AFZ MIG 29s 1987 articlesZimbabwean Denies Reports Country Bought 12 MIG-29's
A Zimbabwean Government official today denied reports that the country had bought 12 MIG-29 jet fighters from the Soviet Union.http://www.nytimes.com/1987/04/15/world ... -29-s.html
The official, Ernest Kadungure, Minister of State for Defense, said in Parliament that the reports about the purchase of MIG-29's were mere ''rumors and speculation.''
But Mr. Kadungure did not specify if such a sale was being negotiated or if it had been discussed and then rejected.
The reports in the Zimbabwean and foreign press, quoting unidentified United States sources, said Zimbabwe wanted the jet fighters as defense against possible air attacks from South Africa. The reports said the agreement would involve 180 Soviet military advisers to fly and maintain the jets and would cost about $385 million.
WASHINGTON (AP) _ The African nation of Zimbabwe has been negotiating with the Soviet Union to purchase a squadron of advanced MiG-29 Fulcrum jet fighters, administration officials said today.http://www.apnewsarchive.com/1987/Zimba ... cb6d2c182d
The officials, who agreed to discuss the matter only if not identified, said it was not yet clear to U.S. intelligence agencies whether an agreement between Russia and Zimbabwe actually had been worked out.
''But we know there have been talks and that Zimbabwe wants to buy,'' said one source.
''They supposedly want to beef up their air defenses against South Africa.''
State Department spokeswoman Phyllis Oakley said ''we canot confirm these reports. If they are true, then we would certainly have concerns about the political, military and financial implications for Zimbabwe and for the southern Africa region as a whole.''
Asked what ''financial'' concerns would be aroused, she said, ''I think it means the terms of payment ... the price and how they would pay for it.''
The Reagan administration cut aid to Zimbabwe last summer to protest anti- American comments made by a cabinet officer in a speech to a gathering - including former President Jimmy Carter - at a July 4th party at the U.S. Embassy.
Of $20.5 million in aid scheduled for delivery in the fiscal year that ended last Sept. 30, $13.5 million was withheld and no appropriation was made for fiscal year 1987.
At the same time, Zimbabwe is benefitting from U.S. aid to a regional organization of southern African countries.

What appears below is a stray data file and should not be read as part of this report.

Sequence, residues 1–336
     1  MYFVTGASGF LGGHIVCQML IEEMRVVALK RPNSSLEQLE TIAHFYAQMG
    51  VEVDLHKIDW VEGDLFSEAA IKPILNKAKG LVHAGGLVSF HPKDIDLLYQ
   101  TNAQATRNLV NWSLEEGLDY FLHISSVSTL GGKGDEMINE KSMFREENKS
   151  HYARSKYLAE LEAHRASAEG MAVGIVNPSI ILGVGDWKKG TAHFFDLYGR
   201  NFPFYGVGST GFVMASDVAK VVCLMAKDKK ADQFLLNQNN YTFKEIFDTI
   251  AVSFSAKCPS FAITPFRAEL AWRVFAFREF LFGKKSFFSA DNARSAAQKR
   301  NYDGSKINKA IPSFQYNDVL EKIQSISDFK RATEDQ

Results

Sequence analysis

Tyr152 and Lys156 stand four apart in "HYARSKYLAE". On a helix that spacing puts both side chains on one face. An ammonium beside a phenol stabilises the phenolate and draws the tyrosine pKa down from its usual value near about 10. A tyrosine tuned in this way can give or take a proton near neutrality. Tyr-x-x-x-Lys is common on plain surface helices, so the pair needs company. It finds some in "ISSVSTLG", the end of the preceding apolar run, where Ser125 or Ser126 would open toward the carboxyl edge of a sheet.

The London Sunday Telegraph, quoting unidentified U.S. sources, reported that Zimbabwe Prime Minister Robert Mugabe was spending $324 million and pledging cash crops for 12 of the advanced fighters.
The paper said Zimbabwe would soon start sending pilots to Russia for flight training and expected to receive the new planes by the middle of next year.
The MiG-29 Fulcrum is one of the most advanced of all Soviet fighters. It is described by the Pentagon as ''a significant wartime air-superiority threat.''
The twin-engine Fulcrum resembles the F-15 Eagle in many respects and is said to be equipped with radar that allows the plane to engage aircraft or cruise missiles flying below it.
The Soviet Union, like the United States, has a stripped-down export version of most of its advanced planes, however. The administration sources said today that any deal with Zimbabwe would almost certainly involve a less- capable plane than that flown by the Soviet air force.
Nonetheless, a source said, ''such a plane would be so much more advanced than what they have now that this is bound to be a matter of great interest to South Africa.''
Zimbabwe, among the more hostile of South Africa's black-ruled neighbors, currently has only about 25 operational aircraft in its air force, according to the International Institute for Strategic Studies.
The institute, which annually charts the size of military forces around the world, says Zimbabwe currently has only about seven fighter aircraft. They are small, single-engine Hawk jet fighters, a British plane that was originally designed in the early 1970s.
Meanwhile, South African Defense Minister Gen. Magnus Malan said today that Zimbabwe does not need advanced Soviet fighter planes because Zimbabwe is not threatened, internally or externally.
Malan told Beeld, an Afrikaans-language daily newspaper, that the Soviet Union has supplied unnecessary sophisticated weapons to other countries in southern Africa.
The Telegraph quoted its sources as saying a group of black Zimbabwean pilots would leave within weeks for Moscow for the start of training. The paper said no white Zimbabwean pilots, many of whom are veterans of the Rhodesian Air Force when the country was under white rule, would be allowed to fly the planes.
South Africa currently dominates the region in military force, particularly in the area of combat aircraft. According to the institute, South Africa has more than 370 combat aircraft, including several squadrons of French-made Mirage jet fighters.
"My dream is that somehow South Africans and Zimbabweans create relationships of such a nature that the Limpopo river is no longer a border, but is a source of water and food.” -Bishop Paul Verrynhttp://www.youtube.com/watch?v=ueEbv02k7Ag